Ladies, 8 Things You Need To Know When On Your Boat
Ladies do you know how to run your boat in an emergency?
Huh? What do you mean an emergency?
Well I know how to run it. I just don’t dock it or anything else.
My husband, significant other, friend knows how to run the boat why do I need to know?
How about you? Running a boat on a leisurely afternoon when someone else has gotten it going, got it off the dock or the sand bar, set it on a course etc. is very different than running a boat in an emergency.
Especially if you’re not familiar with what to do in an emergency.
Most answers I get from casual women boaters is my husband, significant other, friend knows how to run the boat why do I need to know?
Because things happen.
You don’t need to know everything about the boat, how to dock perfectly or know what every sign on the water means.
There are a few basic key actions you should learn when going out on your boat. Ask your husband, significant other or whomever normally runs your boat to teach you these few things or take a class.
- Learn how to turn the boat on and off and shift into gear - forward, backward and neutral. If there’s shifters and throttles, learn this too. This knowledge can help you stay put until help arrives or go get help.
- How to radio for help. Many VHF radios have a distress call button (do not test). But either way you want to know how to use the radio, what channel you need to be on and how to call. If you regularly go under bridges that you need to call to be raised, use these as opportunities to get used to using the radio.
- Learn to read the GPS chart plotter. Do you know where you are? Then do you know where you’re going? Is the GPS set to heads-up (the direction you’re going) or is it North up, so if you’re heading south you’ll be heading towards the bottom of the screen. This will have a profound affect on getting help.
Each time you go out, take note of whether you are going “to sea” or “returning from sea”. This will make a huge difference in knowing what side of the channel markers you need to be on. You may have heard “Right red return” which means keep the red marker on your right when returning from sea. Like when you come in an inlet. This can be confusing here in south Florida since we have the Intercoastal Waterway so once you’ve reached the ICW from the inlet, depending on your direction the reds may be on your left. This topic is worthy of additional attention so you understand channel markers.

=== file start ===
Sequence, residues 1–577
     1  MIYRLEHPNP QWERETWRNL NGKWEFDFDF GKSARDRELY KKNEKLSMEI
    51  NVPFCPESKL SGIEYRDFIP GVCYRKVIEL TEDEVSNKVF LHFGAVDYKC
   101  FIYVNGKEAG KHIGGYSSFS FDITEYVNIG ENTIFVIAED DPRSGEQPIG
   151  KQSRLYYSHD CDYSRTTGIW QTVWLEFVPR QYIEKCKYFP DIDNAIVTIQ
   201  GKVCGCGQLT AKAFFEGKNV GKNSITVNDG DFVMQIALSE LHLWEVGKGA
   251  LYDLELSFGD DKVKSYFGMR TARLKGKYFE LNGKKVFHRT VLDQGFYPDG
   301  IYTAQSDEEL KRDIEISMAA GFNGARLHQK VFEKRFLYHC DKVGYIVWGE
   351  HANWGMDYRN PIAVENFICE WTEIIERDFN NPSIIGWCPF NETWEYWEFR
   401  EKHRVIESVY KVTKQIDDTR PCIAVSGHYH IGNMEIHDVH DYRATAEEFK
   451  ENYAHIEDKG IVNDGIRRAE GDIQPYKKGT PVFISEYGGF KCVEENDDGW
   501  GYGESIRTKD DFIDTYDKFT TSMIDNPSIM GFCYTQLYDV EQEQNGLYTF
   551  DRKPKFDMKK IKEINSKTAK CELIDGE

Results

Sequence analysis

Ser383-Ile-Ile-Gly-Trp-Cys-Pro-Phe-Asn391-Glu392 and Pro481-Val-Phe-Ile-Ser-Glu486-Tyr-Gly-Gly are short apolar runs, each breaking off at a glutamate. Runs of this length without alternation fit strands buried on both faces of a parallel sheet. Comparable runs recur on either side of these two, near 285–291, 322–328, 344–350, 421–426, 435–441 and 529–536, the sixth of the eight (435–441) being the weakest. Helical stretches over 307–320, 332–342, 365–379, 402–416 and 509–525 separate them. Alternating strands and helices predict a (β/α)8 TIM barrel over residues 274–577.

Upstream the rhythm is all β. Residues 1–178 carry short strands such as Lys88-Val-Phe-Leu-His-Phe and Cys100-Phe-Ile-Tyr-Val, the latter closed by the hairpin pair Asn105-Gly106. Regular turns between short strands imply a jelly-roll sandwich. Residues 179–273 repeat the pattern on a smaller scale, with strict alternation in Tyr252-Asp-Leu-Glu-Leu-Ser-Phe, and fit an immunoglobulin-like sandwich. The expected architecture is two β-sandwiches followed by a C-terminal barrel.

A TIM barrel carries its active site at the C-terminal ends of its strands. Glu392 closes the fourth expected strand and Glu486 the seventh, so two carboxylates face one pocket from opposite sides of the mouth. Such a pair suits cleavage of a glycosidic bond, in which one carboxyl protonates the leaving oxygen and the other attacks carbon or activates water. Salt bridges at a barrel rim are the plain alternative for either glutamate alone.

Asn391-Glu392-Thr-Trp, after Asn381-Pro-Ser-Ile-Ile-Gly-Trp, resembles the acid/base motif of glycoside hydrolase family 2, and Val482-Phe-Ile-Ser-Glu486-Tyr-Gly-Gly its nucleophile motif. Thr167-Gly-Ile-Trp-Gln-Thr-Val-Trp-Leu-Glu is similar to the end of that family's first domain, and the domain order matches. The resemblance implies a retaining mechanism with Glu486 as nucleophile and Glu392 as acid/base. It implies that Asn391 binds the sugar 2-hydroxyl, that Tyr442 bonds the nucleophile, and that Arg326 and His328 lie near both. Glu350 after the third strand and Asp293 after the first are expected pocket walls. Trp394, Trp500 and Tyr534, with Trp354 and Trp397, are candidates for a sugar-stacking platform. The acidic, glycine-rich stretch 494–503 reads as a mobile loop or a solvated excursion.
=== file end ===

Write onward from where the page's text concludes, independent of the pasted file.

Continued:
Check out this video from Salt Strong.
- Know where the life jackets are. Weather can change quickly on the water. Even if you don’t need to wear it at all times, find out where they are and how to get to them if needed.
- Know where the First Aid Kit is. Because sometimes all you need is a bandaid.
- Learn how to “cleat off” a line so if you do need to come into a dock you can at least tie a line to a cleat on the boat and throw it to a dockhand.
- The last item is to practice each of these whenever you get on the boat. A quick minute to take a look at the GPS, maybe once you arrive or are close to your destination take the wheel and practice.
Being relaxed behind the wheel is really important in case of an emergency. Continue challenging yourself. Open water can be a great place to practice at speed also. And not just a straight line. Learn how to run the boat at speed, how to use the trim tabs and turning at speed.
Sometimes being taught by our significant others can be difficult. If that’s the case there are a number of learning options out there.